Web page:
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|Title||Shoulder Pain among Rehabilitated Spinal Cord-Injured Persons who are Using Manual Propelled Wheelchairs in Gaza Strip: A Survey Study|
Background: Shoulder pain among paraplegic persons has negative effects on their lives. The prevalence of shoulder pain among SCI person varies in different studies between 30% to 70%, and it may be related to repetitive use of shoulder during self care and wheelchair-related activities. Objectives: The overall objective of this study was to describe the prevalence of shoulder pain and its effects on ADL's and social participation among spinal cord-injured paraplegic wheelchair users in Gaza strip. Specific objectives were to investigate the severity of shoulder pain following discharge from rehabilitation, to explore possible risk factors behind shoulder pain, to describe the effect of pain on functional, work and daily living activities, to define the effect of pain on recreational or athletic activities, and to detect the degree of satisfaction about the overall functioning of the shoulder. Study Design: Cross sectional survey design was used. Methods: Eighty rehabilitated paraplegic adult persons with traumatic or nontraumatic spinal cord injury(SCI), who are using manual wheelchairs, and living inGaza strip have participated in this study. After giving informed consent, the subjects were interviewed directly to fill questionnaires including the demographic data ,Wheelchair User’s Shoulder Pain Index (WUSPI) and Shoulder Rating Questionnaire(SRQ) . Collected data was entered and analyzed using Statistical Package for the Social Sciences (SPSS). Results: Prevalence rate of shoulder pain among paraplegics who are using manual wheelchair was 62% of subjects. Pushing a wheelchair for 10 min or more , and pushing up ramps or inclines outdoors were the most common activities that cause and exacerbate shoulder pain. Putting on a T-shirt or pullover, putting on a button-down shirt, and loading the wheelchair into a car were the least activities that cause shoulder pain. Sixty four percent from the sample describe their ability to use their shoulder as having no limitation during daily personal and household activities and the remaining faced different degree of limitation, and 74% from the sample reported no limitation during recreational or athletic activities, the rest (26%) agreed that pain has variably limited their participation in these activities. Fourteen percent from the sample showed that the overall degree of satisfaction with their shoulder functioning were fair, and the others rated their satisfaction from good to excellent satisfaction. Conclusion Shoulder pain is common, and a high prevalence rate was observed after traumatic and nontraumatic spinal cord injury. Shoulder pain has a negative effect on activities of daily living especially while pushing wheelchair for 10 min or more, and during pushing the wheelchair up ramps or inclines outdoors.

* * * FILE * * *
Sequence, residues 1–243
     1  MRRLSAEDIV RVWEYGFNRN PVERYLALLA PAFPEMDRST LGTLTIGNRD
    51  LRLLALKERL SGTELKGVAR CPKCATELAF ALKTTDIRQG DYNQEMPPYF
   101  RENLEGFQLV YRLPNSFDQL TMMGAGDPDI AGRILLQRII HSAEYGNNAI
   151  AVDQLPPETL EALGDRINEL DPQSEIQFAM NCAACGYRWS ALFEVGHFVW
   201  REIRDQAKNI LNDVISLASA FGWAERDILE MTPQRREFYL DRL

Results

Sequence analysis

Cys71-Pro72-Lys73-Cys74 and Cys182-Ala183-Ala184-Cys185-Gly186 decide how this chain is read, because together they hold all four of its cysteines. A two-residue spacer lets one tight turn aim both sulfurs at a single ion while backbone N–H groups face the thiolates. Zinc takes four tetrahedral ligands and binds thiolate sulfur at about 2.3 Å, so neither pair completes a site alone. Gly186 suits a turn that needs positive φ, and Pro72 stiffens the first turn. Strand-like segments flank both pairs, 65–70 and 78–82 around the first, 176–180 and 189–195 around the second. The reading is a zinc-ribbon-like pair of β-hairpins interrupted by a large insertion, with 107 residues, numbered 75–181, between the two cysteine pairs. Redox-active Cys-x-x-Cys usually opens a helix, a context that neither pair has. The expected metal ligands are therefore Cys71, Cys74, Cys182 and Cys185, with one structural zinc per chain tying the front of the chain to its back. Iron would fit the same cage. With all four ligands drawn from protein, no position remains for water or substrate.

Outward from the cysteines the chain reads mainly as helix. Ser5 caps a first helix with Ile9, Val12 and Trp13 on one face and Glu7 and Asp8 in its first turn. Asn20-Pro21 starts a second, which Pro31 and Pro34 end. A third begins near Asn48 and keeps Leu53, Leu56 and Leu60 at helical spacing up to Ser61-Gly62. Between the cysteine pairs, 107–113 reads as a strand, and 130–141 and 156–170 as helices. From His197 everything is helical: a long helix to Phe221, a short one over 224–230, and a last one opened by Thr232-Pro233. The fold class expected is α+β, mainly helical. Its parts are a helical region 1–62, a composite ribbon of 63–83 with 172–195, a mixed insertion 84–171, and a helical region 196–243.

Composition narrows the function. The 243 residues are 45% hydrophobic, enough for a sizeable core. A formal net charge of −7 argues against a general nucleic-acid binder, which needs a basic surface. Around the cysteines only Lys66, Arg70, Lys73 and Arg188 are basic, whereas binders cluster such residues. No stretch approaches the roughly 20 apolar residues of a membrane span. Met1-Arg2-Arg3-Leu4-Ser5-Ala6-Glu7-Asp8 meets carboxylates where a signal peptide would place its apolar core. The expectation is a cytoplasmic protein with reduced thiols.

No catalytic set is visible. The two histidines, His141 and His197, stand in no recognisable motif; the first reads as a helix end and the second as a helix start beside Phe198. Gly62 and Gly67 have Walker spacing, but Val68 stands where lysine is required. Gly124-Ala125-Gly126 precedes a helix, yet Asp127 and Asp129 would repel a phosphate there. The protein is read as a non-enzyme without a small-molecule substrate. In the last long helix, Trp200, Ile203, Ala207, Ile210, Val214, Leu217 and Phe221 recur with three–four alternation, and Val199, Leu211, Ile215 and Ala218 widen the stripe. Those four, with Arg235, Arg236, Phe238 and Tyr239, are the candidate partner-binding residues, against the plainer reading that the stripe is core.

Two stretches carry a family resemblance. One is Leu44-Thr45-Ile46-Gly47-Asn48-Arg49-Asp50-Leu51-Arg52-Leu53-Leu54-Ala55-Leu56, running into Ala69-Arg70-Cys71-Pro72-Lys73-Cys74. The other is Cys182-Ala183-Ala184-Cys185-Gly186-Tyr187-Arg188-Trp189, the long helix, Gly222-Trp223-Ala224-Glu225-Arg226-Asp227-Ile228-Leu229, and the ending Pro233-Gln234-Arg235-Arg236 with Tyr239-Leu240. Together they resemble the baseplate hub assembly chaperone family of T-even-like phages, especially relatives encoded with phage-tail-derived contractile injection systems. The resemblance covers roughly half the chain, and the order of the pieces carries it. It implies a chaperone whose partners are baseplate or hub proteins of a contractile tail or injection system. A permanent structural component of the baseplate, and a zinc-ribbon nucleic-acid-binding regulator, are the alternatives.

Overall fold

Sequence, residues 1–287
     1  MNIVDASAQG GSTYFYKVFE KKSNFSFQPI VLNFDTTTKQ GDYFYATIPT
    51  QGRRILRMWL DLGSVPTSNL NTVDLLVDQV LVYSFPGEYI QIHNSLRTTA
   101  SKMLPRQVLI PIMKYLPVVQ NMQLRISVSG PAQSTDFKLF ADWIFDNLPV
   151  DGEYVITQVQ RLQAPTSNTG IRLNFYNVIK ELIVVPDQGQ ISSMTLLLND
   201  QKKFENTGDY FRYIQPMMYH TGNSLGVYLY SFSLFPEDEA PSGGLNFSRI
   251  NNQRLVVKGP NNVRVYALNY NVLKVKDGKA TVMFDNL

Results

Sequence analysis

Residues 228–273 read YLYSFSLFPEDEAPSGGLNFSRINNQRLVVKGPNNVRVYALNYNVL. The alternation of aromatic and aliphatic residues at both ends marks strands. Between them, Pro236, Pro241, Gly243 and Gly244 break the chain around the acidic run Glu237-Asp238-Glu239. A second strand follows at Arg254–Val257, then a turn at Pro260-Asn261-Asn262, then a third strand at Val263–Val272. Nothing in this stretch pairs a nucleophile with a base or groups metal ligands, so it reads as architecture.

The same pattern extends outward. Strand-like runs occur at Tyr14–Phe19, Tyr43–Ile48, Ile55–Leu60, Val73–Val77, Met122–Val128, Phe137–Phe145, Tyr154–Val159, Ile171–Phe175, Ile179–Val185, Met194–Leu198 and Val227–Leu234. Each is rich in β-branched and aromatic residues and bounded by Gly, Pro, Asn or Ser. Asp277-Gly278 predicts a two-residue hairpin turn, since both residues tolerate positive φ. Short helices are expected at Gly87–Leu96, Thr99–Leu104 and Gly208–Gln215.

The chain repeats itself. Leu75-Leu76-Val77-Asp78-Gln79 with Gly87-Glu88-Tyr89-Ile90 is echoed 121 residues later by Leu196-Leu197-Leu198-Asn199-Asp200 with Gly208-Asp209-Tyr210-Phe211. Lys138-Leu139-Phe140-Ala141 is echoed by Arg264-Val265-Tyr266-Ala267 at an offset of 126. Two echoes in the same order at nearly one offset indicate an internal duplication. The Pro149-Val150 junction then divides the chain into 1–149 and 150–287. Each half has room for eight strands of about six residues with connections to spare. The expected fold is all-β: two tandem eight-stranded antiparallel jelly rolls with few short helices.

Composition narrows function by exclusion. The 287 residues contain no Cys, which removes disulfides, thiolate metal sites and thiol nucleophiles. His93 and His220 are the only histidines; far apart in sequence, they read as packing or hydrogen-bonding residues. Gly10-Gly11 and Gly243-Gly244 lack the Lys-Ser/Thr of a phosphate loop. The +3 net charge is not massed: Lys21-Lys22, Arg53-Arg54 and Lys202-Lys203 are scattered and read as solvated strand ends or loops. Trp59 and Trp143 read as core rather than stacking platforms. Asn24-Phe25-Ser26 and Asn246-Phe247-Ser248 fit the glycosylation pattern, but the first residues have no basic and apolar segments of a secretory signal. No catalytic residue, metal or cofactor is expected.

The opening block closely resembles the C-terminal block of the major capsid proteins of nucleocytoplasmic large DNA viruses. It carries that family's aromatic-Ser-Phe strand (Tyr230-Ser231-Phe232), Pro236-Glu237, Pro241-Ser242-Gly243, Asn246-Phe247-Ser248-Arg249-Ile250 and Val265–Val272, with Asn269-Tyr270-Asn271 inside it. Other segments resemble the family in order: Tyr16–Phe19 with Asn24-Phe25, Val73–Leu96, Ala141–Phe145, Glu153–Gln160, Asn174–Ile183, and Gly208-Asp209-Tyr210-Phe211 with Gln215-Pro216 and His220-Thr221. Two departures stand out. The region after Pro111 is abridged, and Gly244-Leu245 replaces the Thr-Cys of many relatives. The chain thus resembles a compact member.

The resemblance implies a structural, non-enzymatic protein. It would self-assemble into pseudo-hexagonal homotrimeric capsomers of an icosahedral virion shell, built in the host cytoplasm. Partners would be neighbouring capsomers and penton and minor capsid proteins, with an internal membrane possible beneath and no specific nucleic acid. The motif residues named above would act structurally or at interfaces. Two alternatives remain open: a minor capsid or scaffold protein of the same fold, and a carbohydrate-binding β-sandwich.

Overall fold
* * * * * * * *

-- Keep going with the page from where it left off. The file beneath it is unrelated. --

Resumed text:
|Publisher||the islamic university|
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